Matt Suggs-Golden Days Before They End
October 1, 2008
Golden Days Before They End (Merge 2000)
Matt Suggs comprised one half of Butterglory, a 90s indie-rock band that aimed for a comfy niche occupied by Pavement, twee and the Kinks. I always liked the band and their live shows were always appealing, but so were many other bands of their ilk. I know it sounds like a cliche, but their early singles were infectious in a way that their full-lengths were not. They were a good, but not great band that never rose beyond their influences.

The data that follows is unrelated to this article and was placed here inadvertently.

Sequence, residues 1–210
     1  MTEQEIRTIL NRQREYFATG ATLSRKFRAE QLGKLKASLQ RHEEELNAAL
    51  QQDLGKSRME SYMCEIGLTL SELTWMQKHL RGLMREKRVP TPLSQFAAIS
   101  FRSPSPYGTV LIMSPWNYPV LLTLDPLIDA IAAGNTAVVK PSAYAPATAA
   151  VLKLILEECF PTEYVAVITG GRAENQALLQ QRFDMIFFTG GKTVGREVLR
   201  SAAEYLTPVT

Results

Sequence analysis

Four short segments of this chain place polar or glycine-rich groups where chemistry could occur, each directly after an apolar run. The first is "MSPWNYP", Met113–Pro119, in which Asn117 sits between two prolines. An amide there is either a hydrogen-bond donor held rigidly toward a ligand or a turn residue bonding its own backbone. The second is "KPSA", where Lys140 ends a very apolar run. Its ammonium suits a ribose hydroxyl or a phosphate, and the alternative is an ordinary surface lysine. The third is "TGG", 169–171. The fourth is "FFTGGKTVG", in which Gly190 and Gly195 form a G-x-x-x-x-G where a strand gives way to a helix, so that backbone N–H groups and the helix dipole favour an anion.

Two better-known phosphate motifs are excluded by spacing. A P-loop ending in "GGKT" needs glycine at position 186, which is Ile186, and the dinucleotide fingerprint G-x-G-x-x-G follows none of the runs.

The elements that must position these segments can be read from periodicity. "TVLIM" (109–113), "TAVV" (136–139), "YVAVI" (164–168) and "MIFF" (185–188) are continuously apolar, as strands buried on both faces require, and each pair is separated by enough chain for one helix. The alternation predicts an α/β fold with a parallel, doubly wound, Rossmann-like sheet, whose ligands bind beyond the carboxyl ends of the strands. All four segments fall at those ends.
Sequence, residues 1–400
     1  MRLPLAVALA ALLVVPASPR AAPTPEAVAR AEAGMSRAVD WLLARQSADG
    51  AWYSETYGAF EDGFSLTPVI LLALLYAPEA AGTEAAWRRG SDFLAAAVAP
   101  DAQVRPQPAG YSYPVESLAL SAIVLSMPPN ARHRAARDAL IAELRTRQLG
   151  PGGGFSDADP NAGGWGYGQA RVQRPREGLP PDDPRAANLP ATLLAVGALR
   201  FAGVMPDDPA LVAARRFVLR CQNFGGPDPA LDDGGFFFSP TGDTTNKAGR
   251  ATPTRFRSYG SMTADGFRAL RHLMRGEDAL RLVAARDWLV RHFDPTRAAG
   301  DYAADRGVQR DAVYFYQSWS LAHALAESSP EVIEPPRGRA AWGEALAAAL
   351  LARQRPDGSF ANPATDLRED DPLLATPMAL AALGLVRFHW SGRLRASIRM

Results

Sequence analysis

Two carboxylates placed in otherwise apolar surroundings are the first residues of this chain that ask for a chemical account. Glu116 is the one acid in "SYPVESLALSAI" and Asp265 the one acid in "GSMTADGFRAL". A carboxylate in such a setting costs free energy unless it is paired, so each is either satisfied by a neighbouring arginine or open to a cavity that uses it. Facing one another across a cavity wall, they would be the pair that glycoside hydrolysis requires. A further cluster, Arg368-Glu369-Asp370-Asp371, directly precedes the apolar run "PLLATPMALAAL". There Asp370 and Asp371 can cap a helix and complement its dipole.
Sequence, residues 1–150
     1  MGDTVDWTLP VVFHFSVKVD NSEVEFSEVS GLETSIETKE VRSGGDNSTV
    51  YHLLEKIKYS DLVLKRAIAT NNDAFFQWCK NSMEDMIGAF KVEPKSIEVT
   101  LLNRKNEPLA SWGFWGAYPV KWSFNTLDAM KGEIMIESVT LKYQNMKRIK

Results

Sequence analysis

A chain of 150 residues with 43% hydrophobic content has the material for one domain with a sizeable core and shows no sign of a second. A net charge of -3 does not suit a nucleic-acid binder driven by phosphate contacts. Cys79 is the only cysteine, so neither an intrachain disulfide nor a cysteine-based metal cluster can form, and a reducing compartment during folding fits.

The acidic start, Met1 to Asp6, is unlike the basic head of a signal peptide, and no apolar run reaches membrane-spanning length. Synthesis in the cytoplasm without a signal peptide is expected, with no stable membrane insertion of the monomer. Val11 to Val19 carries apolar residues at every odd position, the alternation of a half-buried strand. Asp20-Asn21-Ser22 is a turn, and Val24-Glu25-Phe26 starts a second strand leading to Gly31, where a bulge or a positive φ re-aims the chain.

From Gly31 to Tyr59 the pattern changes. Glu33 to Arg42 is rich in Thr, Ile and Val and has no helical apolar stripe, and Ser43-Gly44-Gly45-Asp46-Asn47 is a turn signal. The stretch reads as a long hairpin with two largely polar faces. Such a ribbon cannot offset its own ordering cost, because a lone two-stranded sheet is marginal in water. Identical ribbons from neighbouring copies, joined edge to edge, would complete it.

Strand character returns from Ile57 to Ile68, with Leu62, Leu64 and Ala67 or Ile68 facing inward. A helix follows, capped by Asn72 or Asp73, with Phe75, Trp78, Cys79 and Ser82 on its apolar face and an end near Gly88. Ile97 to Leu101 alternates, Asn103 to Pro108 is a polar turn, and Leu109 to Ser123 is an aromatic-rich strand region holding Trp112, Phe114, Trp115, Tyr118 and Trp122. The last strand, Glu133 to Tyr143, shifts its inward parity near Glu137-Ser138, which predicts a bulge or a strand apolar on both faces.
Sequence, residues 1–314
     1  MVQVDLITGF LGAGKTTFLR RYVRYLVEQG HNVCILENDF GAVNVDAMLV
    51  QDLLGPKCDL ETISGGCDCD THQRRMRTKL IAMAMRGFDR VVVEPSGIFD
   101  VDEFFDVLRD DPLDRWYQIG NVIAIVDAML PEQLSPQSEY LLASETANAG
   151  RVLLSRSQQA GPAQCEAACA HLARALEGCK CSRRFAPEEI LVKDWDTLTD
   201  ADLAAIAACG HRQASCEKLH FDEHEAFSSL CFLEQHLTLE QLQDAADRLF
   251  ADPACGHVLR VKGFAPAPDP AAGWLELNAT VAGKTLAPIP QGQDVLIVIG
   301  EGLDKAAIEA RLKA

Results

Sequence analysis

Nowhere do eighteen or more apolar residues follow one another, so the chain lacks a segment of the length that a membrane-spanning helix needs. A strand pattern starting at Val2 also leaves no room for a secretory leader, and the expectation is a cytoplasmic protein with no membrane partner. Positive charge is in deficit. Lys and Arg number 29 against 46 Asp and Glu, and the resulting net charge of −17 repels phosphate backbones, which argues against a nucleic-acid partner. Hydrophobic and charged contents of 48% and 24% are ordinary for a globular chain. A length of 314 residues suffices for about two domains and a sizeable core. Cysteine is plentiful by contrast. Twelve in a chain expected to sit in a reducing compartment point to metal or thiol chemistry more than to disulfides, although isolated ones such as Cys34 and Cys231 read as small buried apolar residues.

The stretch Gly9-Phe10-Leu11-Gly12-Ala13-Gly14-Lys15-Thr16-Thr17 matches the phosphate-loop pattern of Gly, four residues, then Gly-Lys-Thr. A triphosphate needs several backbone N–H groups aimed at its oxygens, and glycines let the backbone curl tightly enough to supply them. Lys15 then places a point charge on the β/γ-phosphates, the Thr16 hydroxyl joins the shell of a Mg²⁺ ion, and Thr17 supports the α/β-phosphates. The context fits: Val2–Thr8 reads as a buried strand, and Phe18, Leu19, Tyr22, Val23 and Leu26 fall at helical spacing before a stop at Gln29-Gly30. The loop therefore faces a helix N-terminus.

I cannot really think of many 90s indie-rock artists that successfully managed to emerge from their fey, ironic cocoon, but Matt Suggs is the first that comes to mind. I ignored this album upon its release since I expected more of the same. However, Matt Suggs somehow channelled the spirit of the Davies brothers and recorded a thoroughly original take on the Kinks’ Something Else album. It lacks the bite and satire of this classic, but Suggs somehow found his voice and made one of the most unsung albums of the decade. Maybe I overrate it because it was so unexpected, but Golden Days Before They End kind of symbolizes a mid-life crisis for indie-rock to me. The old influences no longer held as much weight and Suggs responded with a gem that puts his love of country, Kinks, and melancholy tear jerkers on display. It’s an honest to goodness singer-singwriter album that tells a diverse array of sappy, sad tales while mixing in enough toe-tappers to keep things out of bi-polar territory. There is nothing about the album that leaps in your lap, but it is one of those albums that mimics an old friend and warm memory. It reassures me and I listen to it more than most album on my shelves. It’s a reminder of the moment when you realize that there is more than the music than the genre you embraced as a teen or young adult and discover that classic rock wasn’t quite the boogeyman you expected.